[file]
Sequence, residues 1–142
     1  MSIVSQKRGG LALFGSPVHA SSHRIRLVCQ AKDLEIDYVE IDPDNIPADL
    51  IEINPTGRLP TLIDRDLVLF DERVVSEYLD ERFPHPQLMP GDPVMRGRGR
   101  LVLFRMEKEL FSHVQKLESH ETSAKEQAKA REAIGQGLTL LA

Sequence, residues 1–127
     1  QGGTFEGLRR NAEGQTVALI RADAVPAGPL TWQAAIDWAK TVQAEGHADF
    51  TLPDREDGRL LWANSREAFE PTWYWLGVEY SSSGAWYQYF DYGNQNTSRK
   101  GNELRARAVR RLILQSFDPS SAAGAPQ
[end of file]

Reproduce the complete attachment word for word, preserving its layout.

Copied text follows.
Sequence, residues 1–142
     1  MSIVSQKRGG LALFGSPVHA SSHRIRLVCQ AKDLEIDYVE IDPDNIPADL
    51  IEINPTGRLP TLIDRDLVLF DERVVSEYLD ERFPHPQLMP GDPVMRGRGR
   101  LVLFRMEKEL FSHVQKLESH ETSAKEQAKA REAIGQGLTL LA

Sequence, residues 1–127
     1  QGGTFEGLRR NAEGQTVALI RADAVPAGPL TWQAAIDWAK TVQAEGHADF
    51  TLPDREDGRL LWANSREAFE PTWYWLGVEY SSSGAWYQYF DYGNQNTSRK
   101  GNELRARAVR RLILQSFDPS SAAGAPQ